A frequency acquisition and tracking procedure comprising all digital baseband algorithms is proposed which uses a method of loop timing. In the loop timing method, each mobile transceiver first synchronizes itself to the basestation and then derives its uplink transmitter timing reference from the recovered downlink clock. Each mobile transceiver has a local timing reference, usually derived from a Voltage Controlled Crystal Oscillator (VCXO)25 which provides the timing reference for the receiver A/D 22, 23 transmitter D/A and all radio frequency (RF) circuitry. Frequency offsets between the receiver and transmitter symbol clock occur due to nonidealities in the remote transceivers VCXOs 25, possibly of the order of several partspermillion (ppm). Frequency offsets can also occur as a result of a nonlinear channel or Doppler shifts.
 After symbol timing is obtained (see 3 above), the frequency offset is estimated (see 4 above). Based on the estimated frequency offset for the short training preamble (i.e. the first branch), the Automatic Frequency Control (AFC)31 controls VCXO 25 to adjust the RF and IF oscillator frequency or clock timing (14 and 24).
 6. Phase Shift Compensation
 Although the present twostage frequency offset estimation method can achieve highly accurate estimated frequency offset, AFC31 may not adjust VCXO 25 so precisely that the frequency offset can be totally removed. To obtain a fine frequency adjustment, a phase shift compensation method is applied. The coarse and fine frequency offset estimation results are combined by using equation
$\Delta \ue89e\text{\hspace{1em}}\ue89e\hat{f}=\frac{{\phi}_{m}}{2\ue89e\text{\hspace{1em}}\ue89e\pi \ue89e\text{\hspace{1em}}\ue89e{\mathrm{mL}}_{\mathrm{short}}\ue89eT}\ue89e\text{}\ue89e\text{\hspace{1em}}=\frac{{\hat{\phi}}_{m}+2\ue89e\pi \xb7z}{2\ue89e\text{\hspace{1em}}\ue89e\pi \ue89e\text{\hspace{1em}}\ue89e{\mathrm{mL}}_{\mathrm{short}}\ue89eT}$  For example, the estimated frequency offset is f_{1 }which is obtained using the above equation. AFC 31 can adjust the frequency to a degree of accuracy by f_{2}. The remaining frequency offset (f_{1}f_{2}) is compensated by the function of phase shift compensation.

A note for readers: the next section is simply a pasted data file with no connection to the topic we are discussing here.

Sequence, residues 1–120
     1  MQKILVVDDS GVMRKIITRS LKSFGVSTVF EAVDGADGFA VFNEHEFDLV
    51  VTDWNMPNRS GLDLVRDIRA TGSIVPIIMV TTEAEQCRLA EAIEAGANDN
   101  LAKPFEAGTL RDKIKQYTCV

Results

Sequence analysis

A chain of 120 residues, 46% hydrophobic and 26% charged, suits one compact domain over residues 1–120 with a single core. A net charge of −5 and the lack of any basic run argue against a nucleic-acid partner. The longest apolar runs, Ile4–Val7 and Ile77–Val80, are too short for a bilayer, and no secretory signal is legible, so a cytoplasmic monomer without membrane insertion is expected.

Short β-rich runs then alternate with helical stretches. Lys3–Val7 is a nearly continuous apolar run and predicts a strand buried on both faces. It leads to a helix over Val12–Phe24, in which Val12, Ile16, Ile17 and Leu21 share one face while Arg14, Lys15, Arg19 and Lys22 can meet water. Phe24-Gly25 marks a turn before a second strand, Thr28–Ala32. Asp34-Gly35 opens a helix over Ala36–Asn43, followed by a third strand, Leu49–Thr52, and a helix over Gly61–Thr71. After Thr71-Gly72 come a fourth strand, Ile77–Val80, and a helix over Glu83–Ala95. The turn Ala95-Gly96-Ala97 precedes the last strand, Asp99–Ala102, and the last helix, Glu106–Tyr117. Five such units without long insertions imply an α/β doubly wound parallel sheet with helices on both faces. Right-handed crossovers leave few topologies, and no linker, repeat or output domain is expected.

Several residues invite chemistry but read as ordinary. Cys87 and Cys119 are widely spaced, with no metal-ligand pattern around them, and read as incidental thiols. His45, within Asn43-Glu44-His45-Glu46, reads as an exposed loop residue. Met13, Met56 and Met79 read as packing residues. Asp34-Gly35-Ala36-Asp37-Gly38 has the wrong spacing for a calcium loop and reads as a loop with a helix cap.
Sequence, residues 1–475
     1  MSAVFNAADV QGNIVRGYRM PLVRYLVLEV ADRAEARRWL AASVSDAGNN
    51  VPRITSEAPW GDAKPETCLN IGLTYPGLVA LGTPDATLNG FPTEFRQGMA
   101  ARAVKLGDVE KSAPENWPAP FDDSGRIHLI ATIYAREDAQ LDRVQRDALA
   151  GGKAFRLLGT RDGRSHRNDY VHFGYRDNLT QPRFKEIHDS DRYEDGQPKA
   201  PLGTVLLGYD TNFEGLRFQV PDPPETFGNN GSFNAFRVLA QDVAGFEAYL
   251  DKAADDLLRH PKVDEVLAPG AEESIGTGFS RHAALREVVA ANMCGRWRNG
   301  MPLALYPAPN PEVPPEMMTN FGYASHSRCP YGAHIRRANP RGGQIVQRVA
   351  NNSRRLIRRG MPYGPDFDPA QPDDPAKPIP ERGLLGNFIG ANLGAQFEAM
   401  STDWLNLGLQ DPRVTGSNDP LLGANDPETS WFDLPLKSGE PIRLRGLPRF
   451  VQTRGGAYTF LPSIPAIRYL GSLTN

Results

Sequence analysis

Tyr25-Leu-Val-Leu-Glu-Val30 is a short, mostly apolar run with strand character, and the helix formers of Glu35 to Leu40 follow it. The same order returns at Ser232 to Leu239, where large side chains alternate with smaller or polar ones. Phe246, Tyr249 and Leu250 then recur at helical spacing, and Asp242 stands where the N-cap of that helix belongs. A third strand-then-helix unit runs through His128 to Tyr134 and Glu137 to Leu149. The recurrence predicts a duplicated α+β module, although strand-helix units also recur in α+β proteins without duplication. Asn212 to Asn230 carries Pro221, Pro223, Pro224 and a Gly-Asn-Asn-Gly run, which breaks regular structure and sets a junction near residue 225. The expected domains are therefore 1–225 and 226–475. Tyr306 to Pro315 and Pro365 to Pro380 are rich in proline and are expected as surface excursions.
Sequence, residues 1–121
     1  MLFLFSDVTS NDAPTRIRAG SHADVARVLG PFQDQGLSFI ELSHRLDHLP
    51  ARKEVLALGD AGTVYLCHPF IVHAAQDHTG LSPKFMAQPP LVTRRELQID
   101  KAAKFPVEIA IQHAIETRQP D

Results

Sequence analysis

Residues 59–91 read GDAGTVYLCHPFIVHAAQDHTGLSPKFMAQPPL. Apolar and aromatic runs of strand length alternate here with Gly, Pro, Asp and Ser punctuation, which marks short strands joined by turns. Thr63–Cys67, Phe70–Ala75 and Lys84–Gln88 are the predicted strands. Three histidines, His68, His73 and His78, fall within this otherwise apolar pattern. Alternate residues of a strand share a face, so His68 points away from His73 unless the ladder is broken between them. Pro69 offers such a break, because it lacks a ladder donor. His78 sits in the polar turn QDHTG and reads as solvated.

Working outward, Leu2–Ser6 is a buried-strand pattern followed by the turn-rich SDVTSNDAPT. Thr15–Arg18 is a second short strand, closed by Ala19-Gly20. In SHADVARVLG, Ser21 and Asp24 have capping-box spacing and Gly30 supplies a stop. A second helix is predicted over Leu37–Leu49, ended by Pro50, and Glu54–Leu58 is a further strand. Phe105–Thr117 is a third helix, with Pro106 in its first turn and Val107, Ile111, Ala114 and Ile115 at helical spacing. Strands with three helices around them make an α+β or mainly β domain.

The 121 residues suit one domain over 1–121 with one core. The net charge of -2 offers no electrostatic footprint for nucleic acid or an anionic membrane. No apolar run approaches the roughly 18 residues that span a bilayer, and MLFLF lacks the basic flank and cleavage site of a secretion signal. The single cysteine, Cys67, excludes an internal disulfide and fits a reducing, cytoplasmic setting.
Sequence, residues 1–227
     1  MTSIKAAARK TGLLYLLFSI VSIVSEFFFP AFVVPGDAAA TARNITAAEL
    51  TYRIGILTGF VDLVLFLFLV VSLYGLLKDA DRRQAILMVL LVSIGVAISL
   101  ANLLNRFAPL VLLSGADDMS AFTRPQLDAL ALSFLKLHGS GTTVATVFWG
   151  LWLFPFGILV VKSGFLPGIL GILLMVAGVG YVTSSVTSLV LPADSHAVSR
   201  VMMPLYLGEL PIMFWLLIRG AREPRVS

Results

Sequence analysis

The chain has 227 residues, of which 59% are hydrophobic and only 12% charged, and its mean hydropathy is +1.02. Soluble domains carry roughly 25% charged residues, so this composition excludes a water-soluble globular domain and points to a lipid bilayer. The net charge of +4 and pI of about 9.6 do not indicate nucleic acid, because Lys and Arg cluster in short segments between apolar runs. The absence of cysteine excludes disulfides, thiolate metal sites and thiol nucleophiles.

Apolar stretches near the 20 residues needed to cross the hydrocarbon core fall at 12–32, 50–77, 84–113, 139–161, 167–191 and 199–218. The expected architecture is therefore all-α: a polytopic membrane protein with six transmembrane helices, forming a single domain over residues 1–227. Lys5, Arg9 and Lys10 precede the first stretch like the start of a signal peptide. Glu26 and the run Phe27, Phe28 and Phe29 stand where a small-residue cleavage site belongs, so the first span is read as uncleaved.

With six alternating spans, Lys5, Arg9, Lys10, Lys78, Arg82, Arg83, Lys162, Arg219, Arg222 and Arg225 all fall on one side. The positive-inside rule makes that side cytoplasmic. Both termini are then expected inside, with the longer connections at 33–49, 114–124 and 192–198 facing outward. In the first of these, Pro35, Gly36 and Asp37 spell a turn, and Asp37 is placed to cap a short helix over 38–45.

The block diagram of phase shift compensation circuit40 is shown in FIG. 15. The phase shift estimated by the frequency offset estimation functions is input and divided by the number of samples (L) for one symbol. The conjugate of this product is the compensation phase which is integrated sample by sample. T is sample interval i.e. the inverse of sampling rate. If sampling rate is double rate of FFT chip rate (20 MHz), i.e. 40 MHz, T is 25 ns.
 7. Frequency Tracking
 Although carrier acquisition is achieved with good performance, there is always a small frequency offset left. Such an error will cause phase rotation in the subsequent incoming signals. Transformed into the frequency domain, the remaining frequency offset causes a common phase shift on all subcarriers. This phase shift can be accumulated as time goes by. In addition, the channel in which the receiver is working is dynamic. Fading and Doppler spread are varying. Therefore, the resulting phase rotation is not static and is unpredictable
 To provide better robustness to fastfading channels and a phase reference to the phase rotation over all the subcarriers caused by small frequency and symbol timing offsets, frequency tracking has to be applied. In the OFDM symbol of 802.11a, there are 4 pilot carriers inserted into 48 data carriers. The pilot signals are first extracted from the received signal and multiplied with a known pilot. By calculating the phase shift on the pilot carriers, the carrier frequency can be compensated and the phase shift for incoming samples can be tracked. The basic idea of phase shift estimation on subcarriers is the same as the frequency offset estimation. In the method of frequency offset estimation, the phase shift is obtained by calculating the correlation of a pair of samples which are identical to each other except for a phase shift. In frequency tracking, the phase shift is obtained by multiplying a pilot symbol with a conjugate pilot symbol received several symbols time later. The frequency tracking metric is written as